‘Good evening my name is Eric.’ It is the perceived voice of every retired English Colonel heard on stage and screen.
‘This is my wife Elaine, but they call us Eric and Ernie, she’s the one with the fat hairy legs’ he chortled. I look down at her legs like a fool before returning the introduction. Eric then moves to the Norway Sweden amalgamation and introduces himself as before. As he gets to the fat hairy legs bit I notice Theo looks down. Yilmos who has been taking all this information in, turns to Eric and asks.
‘What would Mr and Mrs Ernie like to drink?’ and I swear he looked at her legs.
An American party arrives, three girls and a married couple. Across the restaurant Sweden and Norway have made Yilmos a crown of flowers. My wife thinks he looks like the queen of the fairies from A Midsummer Night’s Dream. The family then sing to Yilmos Happy Birthday in their own Language. Yilmos is taken by surprise, but by swiftly looking at all of them in turn he manages to sing along using their words.
The couple in the American party introduce themselves as Nancy and Matt. The rest of the evening, for some unknown reason Yilmos refers to them as Mercy and Max.
If you would like to see some snippets of the evening on film, please go to the following:
Yilmos was also always keen to send a message to anyone he knew who hadn’t turned up that particular summer. Two of these messages can also be savoured by going to the following:
One Enchanted Evening
It started out as the type of evening Gümüşlük delivers on a regular basis. Hardly a breeze was blowing from the sea, which was bathed in moonlight. The only sounds that could be heard were the soft lap of the waves landing on the beach just a few steps from Hera restaurant, soft music wafting from the jazz cafe down the beach, and the murmur of people talking while enjoying their meals and drinks. After visiting for nearly 20 years we try very hard not to take these evenings for granted.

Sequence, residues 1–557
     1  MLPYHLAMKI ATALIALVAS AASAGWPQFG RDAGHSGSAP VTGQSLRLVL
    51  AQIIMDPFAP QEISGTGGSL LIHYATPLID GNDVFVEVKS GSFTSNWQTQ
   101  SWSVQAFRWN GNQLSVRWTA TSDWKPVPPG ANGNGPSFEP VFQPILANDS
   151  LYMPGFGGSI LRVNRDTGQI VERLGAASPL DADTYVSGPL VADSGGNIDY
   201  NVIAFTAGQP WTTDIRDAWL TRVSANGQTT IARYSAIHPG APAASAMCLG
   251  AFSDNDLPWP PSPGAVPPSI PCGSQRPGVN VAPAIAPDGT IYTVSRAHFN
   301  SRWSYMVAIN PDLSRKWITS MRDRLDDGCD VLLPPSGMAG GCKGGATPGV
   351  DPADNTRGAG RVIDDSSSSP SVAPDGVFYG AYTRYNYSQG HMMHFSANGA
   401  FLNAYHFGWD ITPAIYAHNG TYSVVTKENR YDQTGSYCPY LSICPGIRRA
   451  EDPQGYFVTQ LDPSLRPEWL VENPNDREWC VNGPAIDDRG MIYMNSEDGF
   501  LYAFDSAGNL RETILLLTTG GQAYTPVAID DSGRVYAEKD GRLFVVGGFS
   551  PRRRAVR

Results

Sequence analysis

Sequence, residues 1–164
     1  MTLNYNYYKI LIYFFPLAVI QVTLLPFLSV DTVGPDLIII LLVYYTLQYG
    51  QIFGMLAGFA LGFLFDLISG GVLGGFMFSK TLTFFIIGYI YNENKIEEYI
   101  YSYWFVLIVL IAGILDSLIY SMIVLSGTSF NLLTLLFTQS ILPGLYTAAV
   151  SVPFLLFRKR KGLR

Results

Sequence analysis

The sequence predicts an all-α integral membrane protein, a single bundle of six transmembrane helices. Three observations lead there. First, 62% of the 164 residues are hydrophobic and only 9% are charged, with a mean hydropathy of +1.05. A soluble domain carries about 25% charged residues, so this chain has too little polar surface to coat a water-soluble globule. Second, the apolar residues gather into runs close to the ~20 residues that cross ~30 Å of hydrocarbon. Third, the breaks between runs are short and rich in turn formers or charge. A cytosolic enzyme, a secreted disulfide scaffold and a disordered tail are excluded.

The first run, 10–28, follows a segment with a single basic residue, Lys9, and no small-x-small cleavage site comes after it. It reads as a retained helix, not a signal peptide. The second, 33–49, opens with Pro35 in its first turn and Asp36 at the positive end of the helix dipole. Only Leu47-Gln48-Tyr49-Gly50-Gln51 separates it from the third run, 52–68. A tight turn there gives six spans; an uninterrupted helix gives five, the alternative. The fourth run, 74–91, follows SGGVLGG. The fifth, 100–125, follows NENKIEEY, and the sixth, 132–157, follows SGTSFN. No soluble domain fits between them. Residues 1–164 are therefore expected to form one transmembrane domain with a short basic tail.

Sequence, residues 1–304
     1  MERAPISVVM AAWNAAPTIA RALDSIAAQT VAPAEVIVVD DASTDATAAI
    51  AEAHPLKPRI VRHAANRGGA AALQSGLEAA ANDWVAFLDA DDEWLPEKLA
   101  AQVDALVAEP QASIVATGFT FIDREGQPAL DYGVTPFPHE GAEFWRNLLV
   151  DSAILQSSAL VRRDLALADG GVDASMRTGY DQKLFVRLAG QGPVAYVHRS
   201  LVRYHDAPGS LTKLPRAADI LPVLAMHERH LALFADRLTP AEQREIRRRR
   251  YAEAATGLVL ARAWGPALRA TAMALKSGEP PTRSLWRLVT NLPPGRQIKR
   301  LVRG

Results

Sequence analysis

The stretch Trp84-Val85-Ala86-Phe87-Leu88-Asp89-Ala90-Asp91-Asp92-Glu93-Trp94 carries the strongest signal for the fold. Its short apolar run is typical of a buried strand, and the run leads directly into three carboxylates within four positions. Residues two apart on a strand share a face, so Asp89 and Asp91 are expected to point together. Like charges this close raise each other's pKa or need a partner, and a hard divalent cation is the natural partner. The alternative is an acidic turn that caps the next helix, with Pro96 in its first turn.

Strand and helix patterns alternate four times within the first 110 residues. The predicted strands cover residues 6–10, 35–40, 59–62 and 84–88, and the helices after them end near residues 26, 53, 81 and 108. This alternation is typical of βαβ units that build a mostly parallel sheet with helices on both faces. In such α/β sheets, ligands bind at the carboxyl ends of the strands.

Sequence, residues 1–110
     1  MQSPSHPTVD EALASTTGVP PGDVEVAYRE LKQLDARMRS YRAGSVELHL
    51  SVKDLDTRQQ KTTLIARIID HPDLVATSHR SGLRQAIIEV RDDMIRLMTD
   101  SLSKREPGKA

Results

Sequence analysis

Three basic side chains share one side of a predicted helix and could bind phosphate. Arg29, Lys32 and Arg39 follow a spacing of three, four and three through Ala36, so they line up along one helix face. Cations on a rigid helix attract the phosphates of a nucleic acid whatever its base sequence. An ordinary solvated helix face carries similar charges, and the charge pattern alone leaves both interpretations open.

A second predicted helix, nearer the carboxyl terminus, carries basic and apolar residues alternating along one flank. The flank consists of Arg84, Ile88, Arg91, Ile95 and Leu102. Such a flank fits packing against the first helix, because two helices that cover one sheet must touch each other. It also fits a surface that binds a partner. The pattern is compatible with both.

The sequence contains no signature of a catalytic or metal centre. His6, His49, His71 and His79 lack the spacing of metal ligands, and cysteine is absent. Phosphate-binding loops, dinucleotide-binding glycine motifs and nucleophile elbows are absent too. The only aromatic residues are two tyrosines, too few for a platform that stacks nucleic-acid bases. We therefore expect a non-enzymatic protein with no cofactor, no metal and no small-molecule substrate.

Hera regularly set tables on the beach next to the sea, which makes for a more secluded meal and for some people it’s very romantic.
We had just finished our meals in Hera when Güven the waiter came past carrying a menu for a couple who had been seated at a table by the sea.
‘I am bringing romantic news with a meal tonight’ said Güven
‘What’s the news?’ we asked.
‘It is a secret, please do not tell’ Güven said. ‘After their meal he will ask her to marry him, I shall take him their drinks with a box that contains a ring’
Discretely, my wife and I, along with Dave who had joined us sat waiting for the romantic news.
The couple’s meal was coming to its romantic conclusion, dishes had been taken away and Güven passed us carrying a tray of drinks and a small box. The box was opened and, as the question was being asked, Güven pointed overhead, we all looked up into the night sky.
A fireball of immense size had suddenly appeared, streaming behind it a fan like tail. It made its way across the sky toward the horizon before disappearing as if into the sea. Those who saw it that night had never seen anything so huge and so clear. Some of us wondered if it was a disaster involving an aeroplane.
During that night, and the next day we enquired if anyone else other than those at Hera had seen it, no one had. We looked into all the local and national media, nothing. To this day we have never been able to find out what it was we had seen that night. All we know is that some couple had the most marvellous romantic evening, and I would guess, that no woman since has had such a cosmic display of light appearing in the night sky as she was being proposed to.